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Consider the following ideal in $\mathbb C[X_1,X_2,X_3,X_4]$.

$I=\langle X_1^2+X_2^2-1, X_3^2+X_4^2-1 , X_1X_3+X_2X_4, X_1X_4-X_2X_3-1\rangle$.

Then, is $\sqrt I$ a prime ideal (i.e. due to Hilbert Nullstellensatz, is $V(I)$ an irreducible affine algebraic variety ) ?

[NOTE : For an ideal $I$ in a commutative ring with unity, $\sqrt I$ is the set of all those eleemnts $a\in R$ such that $a+I$ is Nilpotent in $R/I$. It is easy to check that $\sqrt I$ is alwyas an ideal. ]

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    $\begingroup$ This looks like you copied a problem out of a problem list or a book… Do you have any thoughts on the matter? Have you tried anything? $\endgroup$ – Mariano Suárez-Álvarez Jan 31 '18 at 21:39
  • $\begingroup$ @MarianoSuárez-Álvarez: unfortunately, it is not copied .... the zero set of the ideal corresponds to the set of 2x2 complex matrices whose transpose is its inverse with determinant 1. The other ideal I just deleted corresponds to the set of 2x2 complex matrices whose transpose is its inverse. Since that set of matrices is not connected in $\mathbb C^4$, hence its zero set is not irreducible, hence the radical of the ideal is not prime. I still don't know about the ideal in question. $\endgroup$ – user Jan 31 '18 at 21:48
  • $\begingroup$ If you want to do brute computation, I would suggest first you change the variables. Let $u=X_1+iX_2, v=X_1-iX_2, w=X_3+iX_4, t=X_3-iX_4$. $\endgroup$ – Mohan Feb 1 '18 at 3:16
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    $\begingroup$ From Macaulay2 over QQ: $\sqrt{I}=\langle -X_2-X_3,X_1-X_4,-X_1^2-X_2^2+1\rangle$ and isPrime radical I -- true. $\endgroup$ – Jan-Magnus Økland Feb 1 '18 at 6:19
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Computation

The following singular computation:

> LIB "primdec.lib";
...
> ring R=0,(X1,X2,X3,X4),dp;
> ideal I=X1^2+X2^2-1,X3^2+X4^2-1,X1*X3+X2*X4,X1*X4-X2*X3-1;
> radical(I);
_[1]=X2+X3
_[2]=X1-X4
_[3]=X3^2+X4^2-1
> list pr=primdecGTZ(I);
> testPrimary(pr,I);
1

shows that the radical of this ideal is \begin{align*} J &= \sqrt I = ( X_2+X_3, X_1-X_4, X_2^2+X_4^2 - 1) \end{align*} which defines the variety \begin{align*} S_1 &= \left\{ \begin{pmatrix} s & t \\ -t & s \end{pmatrix} ~\middle\vert~ s^2+t^2=1 \right \}. \end{align*}

Math

Consider the variety $C:=Z(x^2+y^2-1)\subseteq\Bbb C^2$. It is defined by the single polynomial $f:=x^2+y^2-1\in\Bbb C[x,y]$. Since $f$ is irreducible, the variety $C$ is also irreducible. Furthermore, the map \begin{align*} \phi:C&\longrightarrow S_1\\ (x,y) &\longmapsto \begin{pmatrix} x&y\\-y&x\end{pmatrix} \end{align*} is an isomorphism of algebraic varieties, therefore $S_1$ is irreducible.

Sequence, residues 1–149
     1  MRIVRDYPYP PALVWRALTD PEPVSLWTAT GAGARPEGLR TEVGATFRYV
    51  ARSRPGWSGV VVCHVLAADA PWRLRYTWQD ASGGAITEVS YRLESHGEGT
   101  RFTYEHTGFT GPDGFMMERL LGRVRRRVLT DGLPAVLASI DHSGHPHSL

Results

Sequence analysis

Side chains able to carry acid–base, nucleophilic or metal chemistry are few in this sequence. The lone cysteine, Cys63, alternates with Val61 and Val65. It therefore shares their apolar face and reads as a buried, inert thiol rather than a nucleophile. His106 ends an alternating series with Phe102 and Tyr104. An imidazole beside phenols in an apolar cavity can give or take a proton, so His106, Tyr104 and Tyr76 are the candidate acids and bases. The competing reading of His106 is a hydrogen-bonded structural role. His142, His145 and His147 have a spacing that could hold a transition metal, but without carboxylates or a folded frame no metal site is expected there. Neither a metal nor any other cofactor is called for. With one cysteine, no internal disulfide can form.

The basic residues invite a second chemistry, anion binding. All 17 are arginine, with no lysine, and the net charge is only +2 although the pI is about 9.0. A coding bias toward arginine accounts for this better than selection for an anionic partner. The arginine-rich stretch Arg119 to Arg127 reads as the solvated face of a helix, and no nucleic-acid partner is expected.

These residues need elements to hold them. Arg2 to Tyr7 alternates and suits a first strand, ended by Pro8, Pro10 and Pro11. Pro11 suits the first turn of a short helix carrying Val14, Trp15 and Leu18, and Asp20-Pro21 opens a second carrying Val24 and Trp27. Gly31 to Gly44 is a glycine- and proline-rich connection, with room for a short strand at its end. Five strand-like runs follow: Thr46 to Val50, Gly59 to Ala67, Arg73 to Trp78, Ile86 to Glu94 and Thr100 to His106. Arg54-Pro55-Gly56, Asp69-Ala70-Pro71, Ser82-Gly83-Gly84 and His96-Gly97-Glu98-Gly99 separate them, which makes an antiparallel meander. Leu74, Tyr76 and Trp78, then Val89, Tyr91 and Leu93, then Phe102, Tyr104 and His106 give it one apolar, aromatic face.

In your question, you gave the ideal $I$ which defines the variety $$S_2:=Z(I)=\{ A\in\Bbb C^ {2\times2} \mid A^TA=I\land\det(A)=1 \},$$ and you asked whether it is irreducible. We will show that $S_1=S_2$ and therefore conclude that it is. The inclusion $S_1\subseteq S_2$ is trivial. Let us assume $$A=\left(\begin{matrix}a&b\\c&d\end{matrix}\right)\in S_2.$$ Then, the points $(a,b),(c,d)\in\Bbb C^2$ both lie on the circle and are orthogonal to each other. Since the orthogonal complement of the line spanned by $(a,b)$ is one-dimensional, there are only two choices for $(c,d)$, differing in sign, because $(c,d)$ is on the intersection of said orthogonal complement with the circle. Hence, $(c,d)=\pm(-b,a)$. The determinant condition yields the desired conclusion.

Remark

The variety $S_2$ can also be written as $S_1=\operatorname{SL}_2(\Bbb C)\cap\operatorname O_2(\Bbb C)$. I understand there is some controversy about calling this group $\operatorname O_2$, however I would use the notation $\operatorname U_2$ when referring to the unitary group and always mean $\operatorname O_2$ to be the group of matrces $A$ with $A^TA=I$. This definition makes sense over any field. Consequently, I would refer to $S_1$ as $\mathrm{SO}_2(\Bbb C)$. Regardless of what you call it however, it is a connected, smooth, abelian curve.

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  • $\begingroup$ You are correct in saying that the zero locus is $S_1=S_2$ but unfortunately it is not $SO(2,\mathbb C)$, $SO(2,\mathbb C)$ is the set of det 1 matrices whose inverse is its " conjugate transpose" , not only transpose ... so I don't see immediately see why $S_1$ is path connected (or at all connected ) in Euclidean topology of $\mathbb C^4 \cong M(2,\mathbb C)$ .... moreover , even if you prove it is connected in the Euclidean topology , how does that imply that it is irreducible in the Zariski topology ? $\endgroup$ – user Feb 1 '18 at 19:15
  • $\begingroup$ $S_1$ is " isomorphic" to the complex sphere ... here in what sense " isomorphic" ? $\endgroup$ – user Feb 1 '18 at 19:21
  • $\begingroup$ actually, what you refer to is usually called $\operatorname{SU}(2)$. I will give a more precise explanation later anyway. $\endgroup$ – Jesko Hüttenhain Feb 1 '18 at 22:59

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